How to object to a defective three-day notice in California is the topic of this blog post.
If you want to object to a defective three-day notice in California the best way to do that is by filing a demurrer to the unlawful detainer (eviction) complaint. The law authorizes a defendant in a eviction proceeding in California to file a demurrer to the complaint. See Code of Civil Procedure § 1170. Note that any demurrer must be filed before any answer is filed. Once an answer has been filed a party has waived their right to file a demurrer although they can include any objection to the sufficiency of a three-day notice in their answer along with their other affirmative defenses.
The notice period for a demurrer is not set forth in the California eviction statutes, which are Sections 1159 through 1179a of the Code of Civil Procedure. However, Section 1177 of the Code of Civil Procedure provides that all provisions of law contained in Part 2 of the Code of Civil Procedure (the ones applicable to regular civil actions) are otherwise generally applicable to unlawful detainer actions, unless other procedures are specified in the unlawful detainer statutes.
Since the unlawful detainer statutes do not provide for the timing of a hearing on a demurrer, the timing for demurrers is governed by Code of Civil Procedure § 1005, which requires 16 court days notice of the hearing on the demurrer, plus five calendar days for notice by mailing. Court days means Monday through Friday, except for Court holidays. A defendant who wishes to file a demurrer should contact the Court clerk and obtain a hearing date 4-5 weeks from the date of filing, not later than thirty five (35) calendar days, or the earliest date the Court clerk has available.
One of the first things that any tenant served with a three day notice to pay rent or quit in California should do is closely examine the notice. The notice must contain the following information.
1. The exact amount of rent due must be stated clearly on the notice. If the amount is overstated the notice may be considered fatally defective and will not support an eviction proceeding. This does not apply to commercial tenancies. But even with a commercial tenancy, a demand that exceeds 20 percent of the amount due is defective and will not support a UD judgment.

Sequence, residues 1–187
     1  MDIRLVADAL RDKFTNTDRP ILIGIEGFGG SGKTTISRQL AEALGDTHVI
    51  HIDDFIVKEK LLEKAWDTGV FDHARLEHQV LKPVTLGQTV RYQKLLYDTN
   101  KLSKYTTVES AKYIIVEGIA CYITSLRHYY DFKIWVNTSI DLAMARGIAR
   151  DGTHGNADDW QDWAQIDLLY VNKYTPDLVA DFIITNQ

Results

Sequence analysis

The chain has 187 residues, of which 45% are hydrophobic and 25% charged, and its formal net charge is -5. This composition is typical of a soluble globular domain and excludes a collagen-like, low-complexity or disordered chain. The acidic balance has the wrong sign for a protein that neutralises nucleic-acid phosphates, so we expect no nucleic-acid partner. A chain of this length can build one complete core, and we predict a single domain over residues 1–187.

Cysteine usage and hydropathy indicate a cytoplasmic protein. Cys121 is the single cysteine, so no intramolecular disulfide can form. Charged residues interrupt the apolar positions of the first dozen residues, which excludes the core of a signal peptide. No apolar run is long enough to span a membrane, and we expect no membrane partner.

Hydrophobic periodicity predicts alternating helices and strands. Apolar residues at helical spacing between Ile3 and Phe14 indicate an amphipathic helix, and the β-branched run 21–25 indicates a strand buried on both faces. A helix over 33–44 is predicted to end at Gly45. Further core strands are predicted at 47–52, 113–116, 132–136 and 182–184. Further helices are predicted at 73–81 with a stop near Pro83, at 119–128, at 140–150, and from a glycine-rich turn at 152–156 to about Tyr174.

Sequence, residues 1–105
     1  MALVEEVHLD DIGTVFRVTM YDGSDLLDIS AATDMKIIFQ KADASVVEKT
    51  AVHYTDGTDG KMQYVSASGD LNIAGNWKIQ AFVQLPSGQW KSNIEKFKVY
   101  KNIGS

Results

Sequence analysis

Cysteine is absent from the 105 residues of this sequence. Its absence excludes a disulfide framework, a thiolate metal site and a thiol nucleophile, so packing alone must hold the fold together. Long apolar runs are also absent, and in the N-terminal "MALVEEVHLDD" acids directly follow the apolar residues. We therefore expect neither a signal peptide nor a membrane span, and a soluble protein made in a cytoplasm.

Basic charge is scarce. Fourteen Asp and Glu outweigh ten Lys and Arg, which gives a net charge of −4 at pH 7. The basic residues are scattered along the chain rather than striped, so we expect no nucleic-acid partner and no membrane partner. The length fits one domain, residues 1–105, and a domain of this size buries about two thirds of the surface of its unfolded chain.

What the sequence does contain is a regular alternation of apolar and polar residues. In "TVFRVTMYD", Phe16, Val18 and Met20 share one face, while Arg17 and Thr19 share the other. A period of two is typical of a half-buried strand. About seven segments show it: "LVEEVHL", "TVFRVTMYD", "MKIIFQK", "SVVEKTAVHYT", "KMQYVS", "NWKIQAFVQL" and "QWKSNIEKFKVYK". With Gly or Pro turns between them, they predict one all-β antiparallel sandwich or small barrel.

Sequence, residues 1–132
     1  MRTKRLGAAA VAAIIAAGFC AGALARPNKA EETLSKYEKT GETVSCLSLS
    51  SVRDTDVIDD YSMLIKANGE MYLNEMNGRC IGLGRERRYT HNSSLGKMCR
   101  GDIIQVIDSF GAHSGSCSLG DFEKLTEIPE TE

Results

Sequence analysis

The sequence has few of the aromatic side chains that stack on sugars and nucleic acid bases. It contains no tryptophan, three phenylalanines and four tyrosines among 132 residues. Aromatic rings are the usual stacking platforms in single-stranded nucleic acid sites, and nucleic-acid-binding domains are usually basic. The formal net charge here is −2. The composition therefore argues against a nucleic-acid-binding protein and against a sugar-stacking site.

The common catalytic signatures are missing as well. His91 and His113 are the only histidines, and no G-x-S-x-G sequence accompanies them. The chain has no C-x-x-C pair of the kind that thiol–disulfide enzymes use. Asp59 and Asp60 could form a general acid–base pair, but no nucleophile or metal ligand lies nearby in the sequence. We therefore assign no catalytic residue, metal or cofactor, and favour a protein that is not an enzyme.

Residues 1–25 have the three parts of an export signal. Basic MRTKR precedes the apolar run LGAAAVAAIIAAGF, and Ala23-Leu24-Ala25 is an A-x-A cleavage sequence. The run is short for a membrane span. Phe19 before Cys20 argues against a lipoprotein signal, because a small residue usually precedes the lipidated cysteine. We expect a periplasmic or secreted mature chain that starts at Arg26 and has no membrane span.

2. It must not be served until after the stated amount of rent becomes due. In other words it cannot be served on the date the rent is due.
3. It must have the entire street address of the premises, must have the name, address and phone number of the person to pay the rent to, as well as the days of the week and hours in which the rent may be paid unless an alternative method of paying the rent is specified in the notice.
If it does not state these items the notice is defective.
If the three day notice is defective a demurrer to the complaint may be filed.
The landlord must wait the entire three days to allow the tenant to comply with the notice. If the last day to comply is a Saturday, Sunday or Court holiday the tenant has until the end of the next business day to comply with the notice.
Once the tenant has been served with the Summons and Complaint they have only five (5) calendar days to respond. Court holidays are not counted in calculating the five days, and if the last day to respond is a Saturday, Sunday or Court holiday the tenant has until the end of the next business day to file a response with the Court.
It needs to be stressed that any missing or incorrect information in the three-day notice to pay rent or quit may be grounds for a demurrer. If the thee-day notice is defective then the unlawful detainer complaint fails to state a cause of action and the demurrer should be sustained without leave to amend because the law cannot presume that a new and proper notice would be served and that the defendant would then fail to comply with a new notice. This means that the landlord must prepare and serve a valid three-day notice to pay rent or quit, wait the appropriate amount of time, and then file another complaint if the notice is not complied with.
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Please note that the author of this blog post, Stan Burman is NOT an attorney and as such is unable to provide any specific legal advice. The author is NOT engaged in providing any legal, financial, or other professional services, and any information contained in this blog post is NOT intended to constitute legal advice.
The materials and information contained in this blog post have been prepared by Stan Burman for informational purposes only and are not legal advice. Transmission of the information contained in this blog post is not intended to create, and receipt does not constitute, any business relationship between the author and any readers. Readers should not act upon this information without seeking professional counsel.